Elected in March 2020 as “delegated advisor for Inclusive Transition and Happiness” in Arras, Northern France, Éléonore Laloux has this month been recognised as a Knight of the Order of Merit.
Éléonore Laloux helps us all reassess how we see “disability”
Éléonore Laloux (36) is the first woman with Down syndrome (Trisomy 21) to become a municipal councillor in France. Elected "delegated advisor for inclusive transition and happiness" in March 2020 in Arras, in the Pas-de-Calais region of northern France, Laloux has this month been recognised as a Knight of the Order of Merit.
"I hope that my example will serve as an example to other cities in France to show that people with disabilities can work in an ordinary environment and that they have a place in society.” says Mlle. Laloux.
Laloux Is entering her second term on the city council
In the town of Arras in northern France, the country’s first ever appointed official with Down syndrome is leading from the front, and bringing a new perspective on neurodiversity.
In March of 2020, Éléonore Laloux was appointed municipal councillor of Arras under the mayor Frédéric Leturque, for which she has received continual praise for her colourful nature, her endless drive to make people happy, and for promoting the inclusivity of all disabled people in society.
In addition to heading into her second term on the city council, Laloux also works as a spokesperson for Les Amis d’Eléonore, an organisation that works with parents of children with Down syndrome, and is a board member for Down Up, a nonprofit which advocates for recognition for those with intellectual disabilities.
Fellow city council members report that Laloux has brought a much-needed freshness and new perspective to local government initiatives.
Moving forwards, she is working on implementing the city’s first dog park and implementing “nudges,” a Dutch concept in which citizens are encouraged to engage in fun ways to take care of their city─like putting a basketball hoop above a public trash can.
Laloux, Knight of the Order of Merit, relishes in the joy she sees returning to her constituents
On October 15th, Ms. Laloux officially received membership in the prestigious National Order of Merit, France’s second highest national order after the Legion of Honour.
As she looks ahead to her second of six years in office, Ms. Laloux is not just helping the city rethink what inclusion means, but also changing minds about what it’s like to live with a disability as well as what those with cognitive disabilities are capable of.
“Inclusion isn’t something that we just think about; it’s not a generous act. It’s our duty,” Mr. Leturque, who put forward Ms. Laloux as a candidate last year, told The Christian Science Monitor. “Eléonore has helped the entire town progress in terms of how we see disability.”
Ms. Laloux credits her parents for pushing her to reach her full potential and says they always believed in her. She has lived independently since 2011 in an apartment in Arras and enjoys cooking, theatre, and playing the electric guitar. “I love rock, especially Bob Dylan,” she says.
And aside from the political arena, Ms. Laloux was educated in the mainstream education system, holds a day job, and is integrated into her community.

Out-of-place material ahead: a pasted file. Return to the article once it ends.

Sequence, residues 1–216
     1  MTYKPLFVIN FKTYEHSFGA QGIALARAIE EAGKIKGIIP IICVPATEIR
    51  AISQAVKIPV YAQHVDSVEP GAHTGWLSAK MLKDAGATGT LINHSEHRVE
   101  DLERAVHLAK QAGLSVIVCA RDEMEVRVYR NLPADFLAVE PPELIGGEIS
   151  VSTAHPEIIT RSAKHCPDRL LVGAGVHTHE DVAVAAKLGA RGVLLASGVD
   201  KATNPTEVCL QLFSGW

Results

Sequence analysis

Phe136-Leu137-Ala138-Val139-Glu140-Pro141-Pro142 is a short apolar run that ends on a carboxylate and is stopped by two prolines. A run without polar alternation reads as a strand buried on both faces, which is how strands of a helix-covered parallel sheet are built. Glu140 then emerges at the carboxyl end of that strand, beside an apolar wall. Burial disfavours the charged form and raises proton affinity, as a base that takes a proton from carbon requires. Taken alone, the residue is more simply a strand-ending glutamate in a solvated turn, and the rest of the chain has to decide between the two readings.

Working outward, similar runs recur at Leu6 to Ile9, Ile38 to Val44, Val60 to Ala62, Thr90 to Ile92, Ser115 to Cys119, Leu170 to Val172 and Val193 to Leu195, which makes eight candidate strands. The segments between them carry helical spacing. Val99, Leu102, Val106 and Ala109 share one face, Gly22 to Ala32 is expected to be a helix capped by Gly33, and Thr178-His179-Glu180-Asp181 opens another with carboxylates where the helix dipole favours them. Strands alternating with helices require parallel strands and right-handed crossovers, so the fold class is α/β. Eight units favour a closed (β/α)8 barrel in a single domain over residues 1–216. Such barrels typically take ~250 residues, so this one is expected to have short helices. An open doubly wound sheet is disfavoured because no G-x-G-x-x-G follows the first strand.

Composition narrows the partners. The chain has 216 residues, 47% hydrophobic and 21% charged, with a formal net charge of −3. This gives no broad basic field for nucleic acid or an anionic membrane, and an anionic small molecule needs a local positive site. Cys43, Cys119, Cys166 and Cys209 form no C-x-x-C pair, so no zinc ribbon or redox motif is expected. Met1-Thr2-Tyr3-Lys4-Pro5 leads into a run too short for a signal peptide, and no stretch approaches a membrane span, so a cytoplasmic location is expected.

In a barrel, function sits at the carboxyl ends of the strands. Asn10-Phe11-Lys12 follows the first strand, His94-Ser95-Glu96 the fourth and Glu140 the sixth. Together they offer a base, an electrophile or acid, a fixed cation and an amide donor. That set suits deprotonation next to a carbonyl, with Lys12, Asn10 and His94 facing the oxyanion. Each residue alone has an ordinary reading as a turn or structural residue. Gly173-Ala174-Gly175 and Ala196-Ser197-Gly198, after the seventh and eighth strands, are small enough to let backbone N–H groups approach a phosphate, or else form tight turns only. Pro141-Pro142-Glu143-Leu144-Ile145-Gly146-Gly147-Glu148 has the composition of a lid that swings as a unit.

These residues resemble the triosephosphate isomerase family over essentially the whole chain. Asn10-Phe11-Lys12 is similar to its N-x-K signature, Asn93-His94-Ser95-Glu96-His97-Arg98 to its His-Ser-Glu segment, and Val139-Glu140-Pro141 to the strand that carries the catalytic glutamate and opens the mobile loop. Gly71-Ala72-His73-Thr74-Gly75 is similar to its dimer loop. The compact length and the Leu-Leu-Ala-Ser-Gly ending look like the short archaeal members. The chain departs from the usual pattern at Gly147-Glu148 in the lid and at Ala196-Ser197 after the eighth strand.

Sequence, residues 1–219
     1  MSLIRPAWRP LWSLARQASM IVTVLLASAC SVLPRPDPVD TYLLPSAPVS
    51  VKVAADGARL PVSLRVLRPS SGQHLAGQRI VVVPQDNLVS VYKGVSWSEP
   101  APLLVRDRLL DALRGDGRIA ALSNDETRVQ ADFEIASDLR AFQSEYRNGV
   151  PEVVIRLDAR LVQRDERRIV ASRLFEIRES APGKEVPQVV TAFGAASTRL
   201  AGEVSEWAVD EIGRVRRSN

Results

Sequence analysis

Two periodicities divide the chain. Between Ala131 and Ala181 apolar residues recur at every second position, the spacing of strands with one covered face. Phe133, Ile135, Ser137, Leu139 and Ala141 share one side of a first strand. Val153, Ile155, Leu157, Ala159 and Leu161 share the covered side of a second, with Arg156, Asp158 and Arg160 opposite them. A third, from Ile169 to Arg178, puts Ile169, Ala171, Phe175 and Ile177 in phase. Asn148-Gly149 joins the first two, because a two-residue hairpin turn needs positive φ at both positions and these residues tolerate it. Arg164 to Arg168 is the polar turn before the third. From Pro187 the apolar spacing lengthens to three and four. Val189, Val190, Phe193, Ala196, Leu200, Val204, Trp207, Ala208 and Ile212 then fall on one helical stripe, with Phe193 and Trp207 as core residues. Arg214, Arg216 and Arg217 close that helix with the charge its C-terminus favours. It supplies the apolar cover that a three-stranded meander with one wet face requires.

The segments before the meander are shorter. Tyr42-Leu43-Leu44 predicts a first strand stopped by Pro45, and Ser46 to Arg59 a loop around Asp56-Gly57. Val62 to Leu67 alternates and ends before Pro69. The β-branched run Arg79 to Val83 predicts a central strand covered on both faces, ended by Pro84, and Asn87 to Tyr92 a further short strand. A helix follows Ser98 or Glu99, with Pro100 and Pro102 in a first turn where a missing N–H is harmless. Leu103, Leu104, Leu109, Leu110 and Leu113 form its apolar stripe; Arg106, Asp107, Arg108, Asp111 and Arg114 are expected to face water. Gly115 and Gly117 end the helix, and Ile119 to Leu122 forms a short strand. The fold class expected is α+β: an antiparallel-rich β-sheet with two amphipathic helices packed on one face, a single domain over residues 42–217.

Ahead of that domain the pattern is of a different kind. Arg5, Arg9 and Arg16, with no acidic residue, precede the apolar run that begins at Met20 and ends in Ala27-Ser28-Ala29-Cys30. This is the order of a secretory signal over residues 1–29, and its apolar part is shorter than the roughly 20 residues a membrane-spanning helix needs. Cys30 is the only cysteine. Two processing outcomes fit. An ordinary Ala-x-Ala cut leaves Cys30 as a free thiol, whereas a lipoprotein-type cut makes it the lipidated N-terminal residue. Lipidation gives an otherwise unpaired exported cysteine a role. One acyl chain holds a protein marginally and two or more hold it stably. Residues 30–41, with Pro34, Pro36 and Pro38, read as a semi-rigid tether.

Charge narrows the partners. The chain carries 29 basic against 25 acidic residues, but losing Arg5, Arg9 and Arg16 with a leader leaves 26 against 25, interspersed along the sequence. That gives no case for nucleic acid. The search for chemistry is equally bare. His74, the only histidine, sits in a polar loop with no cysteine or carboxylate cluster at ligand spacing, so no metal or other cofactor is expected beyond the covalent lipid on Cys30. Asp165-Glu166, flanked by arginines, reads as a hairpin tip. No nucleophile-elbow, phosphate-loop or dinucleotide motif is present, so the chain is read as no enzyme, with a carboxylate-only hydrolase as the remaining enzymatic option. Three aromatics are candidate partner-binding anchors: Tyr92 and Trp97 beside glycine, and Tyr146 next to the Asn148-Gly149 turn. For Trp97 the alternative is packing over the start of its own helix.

“She is the perfect example of inclusivity in all areas of life,” says David Leclercq, general director of the disability rights group APEI in nearby Valenciennes. “Her perseverance and tenacity can help others dare to face their own obstacles, as well as find innovative solutions to challenges.”
Now that COVID-19 infections are starting to drop and the country has implemented a mandatory health pass for most public venues, Ms. Laloux relishes in the joy she sees returning to her constituents. After all, her ability to bring happiness to others is one of the reasons she was elected.
“I want to see people happy, out for a drink or at a restaurant, hanging out with friends and family. … I want to put a little colour into life,” says Ms. Laloux. “It feels really nice to have a bit of colour.”
“I hope that my example will serve as an example to other cities in France,”
Laloux told France’s BFMTV, “I am very proud to be the first to receive this distinction in France. And then it was close to my heart because I am from Arras, and I did all my schooling in the city. When Frédéric Leturque, the mayor of Arras, offered me to join his list in March 2020, I took the time to reflect and then accepted. I felt included.
“In fact, I hope that my example will serve as an example to other cities in France to show that people with disabilities can work in an ordinary environment and that they have a place in society.
“For example, I was able to lead a school career from kindergarten to high school in an ordinary environment, and today I work. I would like people with disabilities to be included as I was: after high school, I was able to do continuous training and then I was able to do several internships in different institutions, which went more or less well elsewhere (laughs).”
Laloux has help at work. Technician Ludovic Galland helps her with everyday operations, such as breaking down complex political and strategic jargon, and fellow council member Sylvie Noclercq – Ms. Laloux’s “godmother” of sorts – works with her to prepare for meetings or put a final finesse on her proposals.
10 WAYS TO BE INCLUSIVE
Disability will impact all of us at some point in our lives. You might know someone with a disability, have a child or family member that you care for, or you may gain a disability later in life. Essentially, disability is a part of all of our experiences. This is why we are committed to ensuring that every single person, no matter what the ability, is 100% included and 100% empowered. To achieve this type of a society, everyone has a part to play. Here's some tips about how you can be more inclusive in your daily life.